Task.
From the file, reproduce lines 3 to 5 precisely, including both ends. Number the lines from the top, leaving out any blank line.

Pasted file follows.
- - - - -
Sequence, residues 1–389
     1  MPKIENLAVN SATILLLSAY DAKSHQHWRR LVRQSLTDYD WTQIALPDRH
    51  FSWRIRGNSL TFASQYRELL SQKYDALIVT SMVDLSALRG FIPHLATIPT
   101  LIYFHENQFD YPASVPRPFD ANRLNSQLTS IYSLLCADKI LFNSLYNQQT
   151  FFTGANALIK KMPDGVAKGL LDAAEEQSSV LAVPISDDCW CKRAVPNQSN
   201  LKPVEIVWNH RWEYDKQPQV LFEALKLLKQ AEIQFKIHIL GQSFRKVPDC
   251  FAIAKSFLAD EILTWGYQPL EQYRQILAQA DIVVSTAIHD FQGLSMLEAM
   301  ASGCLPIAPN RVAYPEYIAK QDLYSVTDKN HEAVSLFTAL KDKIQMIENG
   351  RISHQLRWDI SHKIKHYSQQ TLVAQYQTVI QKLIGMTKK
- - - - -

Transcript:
    51  FSWRIRGNSL TFASQYRELL SQKYDALIVT SMVDLSALRG FIPHLATIPT
   101  LIYFHENQFD YPASVPRPFD ANRLNSQLTS IYSLLCADKI LFNSLYNQQT
   151  FFTGANALIK KMPDGVAKGL LDAAEEQSSV LAVPISDDCW CKRAVPNQSN